Hot Books!

As a teacher, I realize I have something different to add to the kidlitosphere. Like a librarian, I am surrounded by kids all day long. That’s right, real live kid readers!  I have decided to start publishing a monthly (or thereabouts) list of books my students are loving.  Hopefully, this will help others choose books for middle grade readers.Right now, here are the books that my “real live readers” are just eating up in the classroom: 

Diary of a Wimpy Kid by Jeff Kinney- Boys and girls alike are reading this. They are booktalking it to each other, too! My single copy has been passed from student to student, along with the multiple copies they bought from Scholastic and the book fair. All my students are eagerly awaiting the next book.  I am asked at least once a week when the sequel will be out and usually another student (who previously asked the same question) will launch into an explanation about the title of the book and when it will be published.  Needless to say, I can’t get my hands on this soon enough!  

Uglies (Uglies Trilogy, Book 1) (Pretties (Uglies Trilogy, Book 2) and Specials (Uglies) by Scott Westerfeld- I didn’t even have to booktalk this series. Two of my students came into school as huge fans and they spread the word. My classroom library has 3 copies of each book and they are rarely on the shelves for more than a day before being checked out by the next person. We have even had the media center order a few extra copies to make sure there is always one available.  Also, other dystopian books have become very popular once I explained that Westerfeld’s books are considered dystopian by many critics.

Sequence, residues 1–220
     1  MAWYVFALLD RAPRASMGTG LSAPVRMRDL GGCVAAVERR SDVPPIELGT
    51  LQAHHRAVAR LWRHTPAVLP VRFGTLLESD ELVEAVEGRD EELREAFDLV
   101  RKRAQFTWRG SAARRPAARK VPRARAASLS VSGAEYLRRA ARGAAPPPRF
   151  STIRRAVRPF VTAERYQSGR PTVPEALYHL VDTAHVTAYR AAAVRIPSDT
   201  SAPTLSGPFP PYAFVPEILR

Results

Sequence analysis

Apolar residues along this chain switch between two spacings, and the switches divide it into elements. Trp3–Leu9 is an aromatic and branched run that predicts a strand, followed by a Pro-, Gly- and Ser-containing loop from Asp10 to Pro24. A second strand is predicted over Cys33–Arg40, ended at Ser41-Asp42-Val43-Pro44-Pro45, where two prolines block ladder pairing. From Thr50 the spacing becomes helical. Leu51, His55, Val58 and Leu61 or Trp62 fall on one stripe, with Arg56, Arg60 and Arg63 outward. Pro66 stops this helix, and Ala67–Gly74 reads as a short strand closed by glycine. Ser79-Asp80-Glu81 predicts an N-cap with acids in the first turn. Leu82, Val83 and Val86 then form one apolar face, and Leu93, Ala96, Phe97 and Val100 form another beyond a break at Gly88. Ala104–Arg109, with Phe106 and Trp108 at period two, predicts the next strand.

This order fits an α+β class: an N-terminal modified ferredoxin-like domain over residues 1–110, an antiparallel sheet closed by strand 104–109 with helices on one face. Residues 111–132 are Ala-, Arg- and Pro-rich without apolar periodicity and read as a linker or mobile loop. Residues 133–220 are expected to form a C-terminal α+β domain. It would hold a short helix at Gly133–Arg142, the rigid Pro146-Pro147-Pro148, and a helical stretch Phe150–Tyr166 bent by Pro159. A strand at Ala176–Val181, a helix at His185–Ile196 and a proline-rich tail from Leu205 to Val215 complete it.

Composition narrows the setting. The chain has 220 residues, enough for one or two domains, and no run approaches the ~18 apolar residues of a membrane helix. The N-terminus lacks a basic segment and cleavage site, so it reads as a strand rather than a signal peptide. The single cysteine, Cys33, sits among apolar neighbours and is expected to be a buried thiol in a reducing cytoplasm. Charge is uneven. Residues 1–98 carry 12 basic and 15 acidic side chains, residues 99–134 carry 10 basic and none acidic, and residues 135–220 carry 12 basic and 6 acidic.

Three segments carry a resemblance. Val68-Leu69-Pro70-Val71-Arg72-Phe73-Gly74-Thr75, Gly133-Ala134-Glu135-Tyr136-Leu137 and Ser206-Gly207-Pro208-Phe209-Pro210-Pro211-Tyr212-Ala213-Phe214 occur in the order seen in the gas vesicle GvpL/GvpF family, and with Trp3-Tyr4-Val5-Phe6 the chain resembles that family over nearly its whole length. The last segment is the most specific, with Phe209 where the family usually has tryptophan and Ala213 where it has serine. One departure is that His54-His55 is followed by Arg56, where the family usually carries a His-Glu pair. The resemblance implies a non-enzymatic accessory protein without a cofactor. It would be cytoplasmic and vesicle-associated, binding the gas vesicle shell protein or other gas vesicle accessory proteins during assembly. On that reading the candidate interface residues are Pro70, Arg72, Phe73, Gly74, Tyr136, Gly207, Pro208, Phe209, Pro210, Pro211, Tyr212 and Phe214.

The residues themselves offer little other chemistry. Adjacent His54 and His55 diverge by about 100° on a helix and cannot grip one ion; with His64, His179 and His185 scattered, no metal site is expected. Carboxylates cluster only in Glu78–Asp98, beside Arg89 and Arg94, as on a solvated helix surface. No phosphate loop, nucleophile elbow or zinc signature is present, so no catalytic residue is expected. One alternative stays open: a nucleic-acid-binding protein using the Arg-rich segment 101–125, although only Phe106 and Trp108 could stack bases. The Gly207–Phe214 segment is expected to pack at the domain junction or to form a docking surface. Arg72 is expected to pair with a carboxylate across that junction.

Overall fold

Cirque Du Freak #1: A Living Nightmare: Book 1 in the Saga of Darren Shan (Cirque Du Freak: The Saga of Darren Shan) by Darren Shan- I briefly booktalked this series (seriously, for about 2 minutes before lunch one day). One student chose to take the first book home that night. Before I knew it, I was besieged by requests for the rest of the series! Apparently, the book was passed around and my boys are completely obsessed. Of course, there are 12 books and I can’t afford them all right now! The boys are getting pretty impatient. :) 

The Invention of Hugo Cabret by Brian Selznick- When I booktalked this book, I knew the appeal to most students was the fact that it has a lot of pictures. However, at least 3 students have read it since and they all enjoyed the story.  They also enjoy the fact that such a ‘nice’ book is allowed to be taken home.  I think they are used to hardcover books, especially ones with gorgeous illustrations, having special rules.  Those rules usually involve keeping the books in school and not allowing them to go home.